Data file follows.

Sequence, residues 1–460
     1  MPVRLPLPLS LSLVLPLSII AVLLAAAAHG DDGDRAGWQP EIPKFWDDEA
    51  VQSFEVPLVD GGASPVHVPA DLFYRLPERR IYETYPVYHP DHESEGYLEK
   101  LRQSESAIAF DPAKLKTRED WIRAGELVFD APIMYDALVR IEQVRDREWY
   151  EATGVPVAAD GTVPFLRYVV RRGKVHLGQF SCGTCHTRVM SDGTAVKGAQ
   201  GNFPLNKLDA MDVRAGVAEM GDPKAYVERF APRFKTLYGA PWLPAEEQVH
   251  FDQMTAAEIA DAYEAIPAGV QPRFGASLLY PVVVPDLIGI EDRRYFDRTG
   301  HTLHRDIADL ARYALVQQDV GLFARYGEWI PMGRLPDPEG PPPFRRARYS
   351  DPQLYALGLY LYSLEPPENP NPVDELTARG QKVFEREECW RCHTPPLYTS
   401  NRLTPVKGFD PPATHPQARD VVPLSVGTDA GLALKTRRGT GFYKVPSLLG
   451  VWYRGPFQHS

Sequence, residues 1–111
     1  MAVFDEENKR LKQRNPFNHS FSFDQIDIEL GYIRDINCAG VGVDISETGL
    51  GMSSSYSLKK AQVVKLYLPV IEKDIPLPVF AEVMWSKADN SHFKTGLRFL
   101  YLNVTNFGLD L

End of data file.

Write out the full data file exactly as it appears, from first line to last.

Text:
Sequence, residues 1–460
     1  MPVRLPLPLS LSLVLPLSII AVLLAAAAHG DDGDRAGWQP EIPKFWDDEA
    51  VQSFEVPLVD GGASPVHVPA DLFYRLPERR IYETYPVYHP DHESEGYLEK
   101  LRQSESAIAF DPAKLKTRED WIRAGELVFD APIMYDALVR IEQVRDREWY
   151  EATGVPVAAD GTVPFLRYVV RRGKVHLGQF SCGTCHTRVM SDGTAVKGAQ
   201  GNFPLNKLDA MDVRAGVAEM GDPKAYVERF APRFKTLYGA PWLPAEEQVH
   251  FDQMTAAEIA DAYEAIPAGV QPRFGASLLY PVVVPDLIGI EDRRYFDRTG
   301  HTLHRDIADL ARYALVQQDV GLFARYGEWI PMGRLPDPEG PPPFRRARYS
   351  DPQLYALGLY LYSLEPPENP NPVDELTARG QKVFEREECW RCHTPPLYTS
   401  NRLTPVKGFD PPATHPQARD VVPLSVGTDA GLALKTRRGT GFYKVPSLLG
   451  VWYRGPFQHS

Sequence, residues 1–111
     1  MAVFDEENKR LKQRNPFNHS FSFDQIDIEL GYIRDINCAG VGVDISETGL
    51  GMSSSYSLKK AQVVKLYLPV IEKDIPLPVF AEVMWSKADN SHFKTGLRFL
   101  YLNVTNFGLD L